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Graduates have been social change activists, artists, athletes, politicians, authors, researchers and faith leaders. Many graduates have been the “firsts” in their profession or in their elected roles. Our graduates have met Presidents, important leaders like Dr. Martin Luther King, Jr. and others. They’ve taken the education and knowledge we have provided and have helped build a more meaningful and just world.    

From our early days, our alumni have made a made an impact. These include: (LINK AS PDF)

  • Reverend C.L. Franklin (attendee) was a faith leader known as the "Million-Dollar Voice," as he was one of the first ministers to break into the record industry. He toured frequently with established gospel singers, often bringing his now-famous daughter, Aretha.

  • Gilbert E. Patterson (attendee) was a religious leader, civil rights activist and recording artist who was nominated for two Grammy Awards.  Bishop Patterson also served on the strategy team that invited Martin Luther King, Jr. to Memphis for the Sanitation Worker’s strike.  After his passing, the United States Senate passed a resolution celebrating his life.

  • Dr. Theodore McLemore (LeMoyne College, 1921):  Dr. McLemore was a College Trustee and the longest serving official of any college or university in the country; he served as a College Trustee for 60 years of service.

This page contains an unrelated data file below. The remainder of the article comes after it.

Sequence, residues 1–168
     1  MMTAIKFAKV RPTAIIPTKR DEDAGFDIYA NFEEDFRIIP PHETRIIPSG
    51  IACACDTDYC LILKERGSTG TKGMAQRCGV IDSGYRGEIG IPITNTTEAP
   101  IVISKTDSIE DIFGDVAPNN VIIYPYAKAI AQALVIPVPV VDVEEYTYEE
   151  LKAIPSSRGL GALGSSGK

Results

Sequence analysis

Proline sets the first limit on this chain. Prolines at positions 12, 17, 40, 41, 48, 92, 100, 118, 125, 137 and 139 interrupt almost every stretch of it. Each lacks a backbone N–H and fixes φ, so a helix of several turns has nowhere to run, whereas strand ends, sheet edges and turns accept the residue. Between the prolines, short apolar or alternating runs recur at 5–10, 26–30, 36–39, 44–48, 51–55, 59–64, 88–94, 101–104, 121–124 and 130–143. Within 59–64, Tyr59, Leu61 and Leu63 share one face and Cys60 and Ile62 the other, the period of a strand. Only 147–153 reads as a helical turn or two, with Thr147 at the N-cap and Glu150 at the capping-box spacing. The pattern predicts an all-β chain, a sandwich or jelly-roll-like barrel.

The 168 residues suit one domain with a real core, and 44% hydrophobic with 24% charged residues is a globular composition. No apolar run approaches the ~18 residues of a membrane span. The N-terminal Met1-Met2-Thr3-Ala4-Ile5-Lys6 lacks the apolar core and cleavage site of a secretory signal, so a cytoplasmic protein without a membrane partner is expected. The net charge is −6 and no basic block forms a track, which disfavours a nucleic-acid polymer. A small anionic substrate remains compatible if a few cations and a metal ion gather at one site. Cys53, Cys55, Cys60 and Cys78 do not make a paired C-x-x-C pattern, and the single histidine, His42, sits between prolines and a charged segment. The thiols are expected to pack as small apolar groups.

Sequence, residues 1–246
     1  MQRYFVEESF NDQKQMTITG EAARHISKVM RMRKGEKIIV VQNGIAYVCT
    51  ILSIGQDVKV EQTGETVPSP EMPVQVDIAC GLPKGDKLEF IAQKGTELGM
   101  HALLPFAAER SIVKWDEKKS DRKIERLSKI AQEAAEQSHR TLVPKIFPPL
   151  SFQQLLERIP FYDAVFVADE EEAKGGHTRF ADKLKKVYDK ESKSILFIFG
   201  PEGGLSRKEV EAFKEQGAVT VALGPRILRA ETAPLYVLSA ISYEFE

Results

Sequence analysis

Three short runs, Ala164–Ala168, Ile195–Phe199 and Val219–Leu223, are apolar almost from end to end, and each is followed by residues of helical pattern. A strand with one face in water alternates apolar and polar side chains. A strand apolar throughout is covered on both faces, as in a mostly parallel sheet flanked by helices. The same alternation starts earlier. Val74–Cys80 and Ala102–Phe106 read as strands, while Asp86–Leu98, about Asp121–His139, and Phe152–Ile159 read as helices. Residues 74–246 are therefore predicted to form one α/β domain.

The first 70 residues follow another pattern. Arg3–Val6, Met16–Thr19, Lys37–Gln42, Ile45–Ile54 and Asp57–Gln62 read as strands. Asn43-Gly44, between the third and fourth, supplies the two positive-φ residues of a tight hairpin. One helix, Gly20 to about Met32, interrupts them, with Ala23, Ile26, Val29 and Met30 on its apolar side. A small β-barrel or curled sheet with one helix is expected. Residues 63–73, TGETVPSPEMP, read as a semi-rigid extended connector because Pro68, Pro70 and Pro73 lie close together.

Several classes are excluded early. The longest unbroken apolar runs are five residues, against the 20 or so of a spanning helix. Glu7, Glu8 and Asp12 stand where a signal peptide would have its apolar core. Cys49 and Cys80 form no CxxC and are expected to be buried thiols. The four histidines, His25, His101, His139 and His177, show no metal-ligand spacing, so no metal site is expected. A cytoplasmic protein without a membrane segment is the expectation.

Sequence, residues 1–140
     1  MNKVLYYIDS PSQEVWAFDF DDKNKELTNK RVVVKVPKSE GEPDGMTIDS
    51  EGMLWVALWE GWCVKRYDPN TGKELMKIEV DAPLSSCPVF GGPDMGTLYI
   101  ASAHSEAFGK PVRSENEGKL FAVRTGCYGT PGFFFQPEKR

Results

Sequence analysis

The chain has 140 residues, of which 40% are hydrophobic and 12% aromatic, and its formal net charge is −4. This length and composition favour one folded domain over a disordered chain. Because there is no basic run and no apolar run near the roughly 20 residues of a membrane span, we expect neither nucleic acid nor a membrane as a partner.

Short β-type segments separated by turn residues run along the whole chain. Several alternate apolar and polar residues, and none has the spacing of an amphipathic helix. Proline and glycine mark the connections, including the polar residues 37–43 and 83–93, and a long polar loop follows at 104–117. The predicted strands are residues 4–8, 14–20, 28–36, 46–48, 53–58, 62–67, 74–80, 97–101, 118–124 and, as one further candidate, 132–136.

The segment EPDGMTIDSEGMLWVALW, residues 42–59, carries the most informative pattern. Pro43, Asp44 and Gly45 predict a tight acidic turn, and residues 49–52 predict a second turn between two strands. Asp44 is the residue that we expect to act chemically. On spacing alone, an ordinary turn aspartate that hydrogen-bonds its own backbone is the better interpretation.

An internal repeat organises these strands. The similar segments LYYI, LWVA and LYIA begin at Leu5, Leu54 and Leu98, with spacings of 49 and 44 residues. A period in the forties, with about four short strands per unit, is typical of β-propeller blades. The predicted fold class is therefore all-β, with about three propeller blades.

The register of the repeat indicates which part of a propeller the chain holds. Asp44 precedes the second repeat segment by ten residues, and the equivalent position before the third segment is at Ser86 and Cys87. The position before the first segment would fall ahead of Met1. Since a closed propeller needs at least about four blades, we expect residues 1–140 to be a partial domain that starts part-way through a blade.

• Juanita Williamson, Ph.D. (LeMoyne College, 1938) was a ground-breaking academic, specializing in linguistics with a focus on African-American speech patterns in the South. Dr. Williamson gained national recognition for her work, securing Rockefeller and Ford Foundation grants to carry out her research.
     
  • Benjamin Lawson Hooks (LeMoyne College, 1945) led the team of lawyers that defended the LeMoyne and Owen College students arrested during the sit-ins at Memphis public libraries; he was later appointed the first African-American criminal court judge in Tennessee history.  Mr. Hooks received the Presidential Medal of Freedom from President Bush in 2007.

  • Dr. C. Eric Lincoln (LeMoyne College, 1947) was an academic and founding president of the Black Academy of Letters. Dr. Lincoln wrote or edited more than 20 books, although he is best known as a distinguished scholar on the African-American religious experience.  In 1990, Dr. Lincoln was cited by Pope John Paul II for ''scholarly service to the church.”

  • Lloyd Barbee (LeMoyne College, 1949) was known for his efforts to end housing discrimination and the advancement of human and civil rights and served in the Wisconsin State Assembly.

  • Velma Lois Jones (LeMoyne College, 1952) recruited for the demonstrations that brought Dr. Martin Luther King, Jr. to Memphis.  She was elected President of the Tennessee Education Association (the first African-American classroom teacher); in 2012, President Barack Obama presented her with the Drum Major for Service award.

  • Marion Barry (LeMoyne College, 1958) began his political career through the civil rights movement, participating in Nashville sit-ins and other events; he was later elected the first chairman of the Student Nonviolent Coordinating Committee.  Mr. Barry served on the Washington, D.C. City Council and was elected Mayor from 1979 to 1991 and 1995 to 1999.